The word “practice” has many shades of meaning. It can refer to a habit or custom as in “practice random acts of kindness.” The term “best practices” means a set of standards or procedures. We can practice, or pursue, a discipline or profession, as in “the practice of yoga,” or “medical practice.”
I think music practice is all these, and something else as well.
Yes, practice builds correct habits. Through practice we seek to meet a certain standard, and it most certainly is a pursuit.
But consider what our music practice really does. It doesn’t just make us play better, or make wrong notes right. Our practice is about making...
In the last post, I wrote about the three things you need to work on to improve your playing. The first of those three is technique, and I would like to go into a little more depth about that in today’s post.
As I described in the post, your technique is your toolbox. It exists to serve your playing and the more tools you have in your toolbox, the more challenging playing tasks you will be able to take on.
Have you ever been in an old fashioned hardware store? This is the kind of place where you can go and ask the person behind the counter what sort of tool you need for the job you want to tackle. Back behind that counter are all the tools and little parts – nuts, bolts, screws, nails – and from out of that huge collection, the hardware guy picks exactly what you need. You need that particular size wrench, that one and no other.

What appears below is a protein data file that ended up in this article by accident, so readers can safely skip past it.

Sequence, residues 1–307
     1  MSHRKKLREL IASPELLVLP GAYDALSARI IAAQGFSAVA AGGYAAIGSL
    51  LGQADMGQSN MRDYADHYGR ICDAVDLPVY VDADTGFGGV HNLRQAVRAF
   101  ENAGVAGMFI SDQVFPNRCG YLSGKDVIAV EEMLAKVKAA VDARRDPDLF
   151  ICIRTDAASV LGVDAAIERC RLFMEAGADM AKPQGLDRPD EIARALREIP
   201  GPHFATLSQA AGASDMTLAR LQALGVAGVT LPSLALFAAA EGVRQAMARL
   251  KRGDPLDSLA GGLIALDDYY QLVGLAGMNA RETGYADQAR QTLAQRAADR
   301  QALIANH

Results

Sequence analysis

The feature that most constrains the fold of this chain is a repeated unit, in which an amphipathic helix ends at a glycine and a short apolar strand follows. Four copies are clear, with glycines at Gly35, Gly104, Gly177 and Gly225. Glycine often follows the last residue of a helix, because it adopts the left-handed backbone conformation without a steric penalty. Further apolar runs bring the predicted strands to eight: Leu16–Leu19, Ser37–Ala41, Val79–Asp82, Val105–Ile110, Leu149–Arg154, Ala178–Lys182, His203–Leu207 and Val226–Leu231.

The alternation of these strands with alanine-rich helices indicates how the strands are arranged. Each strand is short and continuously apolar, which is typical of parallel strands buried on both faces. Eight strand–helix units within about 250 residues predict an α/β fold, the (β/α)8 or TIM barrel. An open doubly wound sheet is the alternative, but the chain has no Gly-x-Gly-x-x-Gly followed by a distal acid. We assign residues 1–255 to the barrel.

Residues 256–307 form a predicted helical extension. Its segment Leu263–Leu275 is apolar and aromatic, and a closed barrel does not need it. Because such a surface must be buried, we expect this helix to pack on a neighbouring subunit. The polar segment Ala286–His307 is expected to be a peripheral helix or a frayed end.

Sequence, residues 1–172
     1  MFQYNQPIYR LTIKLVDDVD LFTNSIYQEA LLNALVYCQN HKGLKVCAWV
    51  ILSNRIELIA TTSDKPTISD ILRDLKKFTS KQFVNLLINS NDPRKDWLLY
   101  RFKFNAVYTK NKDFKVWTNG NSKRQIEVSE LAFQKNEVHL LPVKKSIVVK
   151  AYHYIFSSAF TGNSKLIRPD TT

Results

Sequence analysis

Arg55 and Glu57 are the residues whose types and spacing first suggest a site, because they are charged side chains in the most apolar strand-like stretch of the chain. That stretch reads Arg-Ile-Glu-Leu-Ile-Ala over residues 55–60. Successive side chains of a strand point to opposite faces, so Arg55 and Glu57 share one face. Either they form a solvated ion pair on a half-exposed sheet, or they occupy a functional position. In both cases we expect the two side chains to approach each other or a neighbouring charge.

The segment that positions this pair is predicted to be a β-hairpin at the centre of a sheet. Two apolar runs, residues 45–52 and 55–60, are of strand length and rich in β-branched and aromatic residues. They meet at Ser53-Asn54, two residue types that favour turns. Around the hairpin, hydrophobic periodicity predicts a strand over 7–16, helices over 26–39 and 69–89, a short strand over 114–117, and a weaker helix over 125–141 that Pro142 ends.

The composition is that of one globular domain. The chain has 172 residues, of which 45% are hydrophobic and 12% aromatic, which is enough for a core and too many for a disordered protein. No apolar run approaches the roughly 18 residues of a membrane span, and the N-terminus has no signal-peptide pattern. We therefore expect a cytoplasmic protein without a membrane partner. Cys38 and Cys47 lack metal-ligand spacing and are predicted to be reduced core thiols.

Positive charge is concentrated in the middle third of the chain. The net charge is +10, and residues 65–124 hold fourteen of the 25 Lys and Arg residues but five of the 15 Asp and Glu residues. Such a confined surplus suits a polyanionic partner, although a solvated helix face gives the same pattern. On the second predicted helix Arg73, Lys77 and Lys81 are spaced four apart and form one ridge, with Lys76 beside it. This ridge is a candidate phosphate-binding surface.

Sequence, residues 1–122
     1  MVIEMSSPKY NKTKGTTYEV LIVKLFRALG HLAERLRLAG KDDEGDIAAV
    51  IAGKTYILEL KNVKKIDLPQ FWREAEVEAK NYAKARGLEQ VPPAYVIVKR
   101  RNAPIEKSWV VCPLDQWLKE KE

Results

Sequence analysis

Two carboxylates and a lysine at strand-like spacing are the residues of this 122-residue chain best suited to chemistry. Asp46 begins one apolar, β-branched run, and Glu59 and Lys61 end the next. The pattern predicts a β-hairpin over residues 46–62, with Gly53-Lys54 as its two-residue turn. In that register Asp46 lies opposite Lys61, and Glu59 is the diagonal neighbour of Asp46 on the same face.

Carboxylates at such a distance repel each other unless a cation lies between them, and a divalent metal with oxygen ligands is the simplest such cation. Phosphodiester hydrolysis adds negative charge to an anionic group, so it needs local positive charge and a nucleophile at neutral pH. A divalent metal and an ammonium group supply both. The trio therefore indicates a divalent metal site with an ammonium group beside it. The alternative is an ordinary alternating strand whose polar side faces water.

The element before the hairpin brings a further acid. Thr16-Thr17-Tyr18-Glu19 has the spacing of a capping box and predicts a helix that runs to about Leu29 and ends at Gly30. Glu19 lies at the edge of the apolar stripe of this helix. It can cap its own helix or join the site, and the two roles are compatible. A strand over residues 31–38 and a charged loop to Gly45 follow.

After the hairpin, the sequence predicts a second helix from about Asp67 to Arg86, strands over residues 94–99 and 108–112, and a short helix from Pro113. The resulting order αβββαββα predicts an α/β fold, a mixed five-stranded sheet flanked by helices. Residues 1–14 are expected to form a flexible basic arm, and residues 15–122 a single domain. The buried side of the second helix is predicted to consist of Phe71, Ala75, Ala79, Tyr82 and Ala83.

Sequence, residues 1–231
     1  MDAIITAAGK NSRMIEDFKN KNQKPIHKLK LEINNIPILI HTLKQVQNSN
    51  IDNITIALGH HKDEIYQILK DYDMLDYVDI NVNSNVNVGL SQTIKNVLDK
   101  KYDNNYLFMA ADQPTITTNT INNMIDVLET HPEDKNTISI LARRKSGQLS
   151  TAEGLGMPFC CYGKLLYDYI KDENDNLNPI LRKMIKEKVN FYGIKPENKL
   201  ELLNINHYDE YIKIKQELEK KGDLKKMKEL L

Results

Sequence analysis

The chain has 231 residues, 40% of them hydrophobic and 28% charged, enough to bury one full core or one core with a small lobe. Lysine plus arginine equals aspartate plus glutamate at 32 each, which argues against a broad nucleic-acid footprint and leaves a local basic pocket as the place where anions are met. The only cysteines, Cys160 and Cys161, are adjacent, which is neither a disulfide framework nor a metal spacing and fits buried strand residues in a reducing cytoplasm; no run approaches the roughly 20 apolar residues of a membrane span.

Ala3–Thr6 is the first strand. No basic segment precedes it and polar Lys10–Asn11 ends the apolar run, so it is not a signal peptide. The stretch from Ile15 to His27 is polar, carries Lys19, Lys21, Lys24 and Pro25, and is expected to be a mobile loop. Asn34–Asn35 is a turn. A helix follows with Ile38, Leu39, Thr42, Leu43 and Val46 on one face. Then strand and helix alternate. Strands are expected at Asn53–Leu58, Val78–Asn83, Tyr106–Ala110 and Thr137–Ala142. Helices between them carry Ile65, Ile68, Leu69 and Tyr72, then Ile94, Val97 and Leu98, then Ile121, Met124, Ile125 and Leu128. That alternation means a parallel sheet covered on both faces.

When you work on building your technique, you are working on your own hardware store. Whatever...
The truth is that there are only three things you need to work on to improve your playing. These things are true whether you are planning to play concerts for thousands of
people or just play for yourself in your own living room. They are true whether you play the harp or another instrument. And the principles actually apply to any endeavor, musical or otherwise.
Learning to play an instrument, and to play it well, is a process and a puzzle. The process part seems easy – practice. The puzzle is when your practice doesn’t seem to be getting you the results you want, or getting them fast enough.
The problem lies in at least one of three areas.
Are the three things magic solutions? Of course not. They all involve hard work and dedication. The amount of hard work depends on your personal goals for your playing. The more lofty your goals, the more work you will need to do.
But if you HAVE a goal for your playing, even if you think your goal is a...
Is your hand centered?
Often I will have a student complain to me that their fourth finger is weak, or they can’t reach an octave comfortably. Usually they ask for strengthening or stretching exercises, but often those aren’t the solutions they need.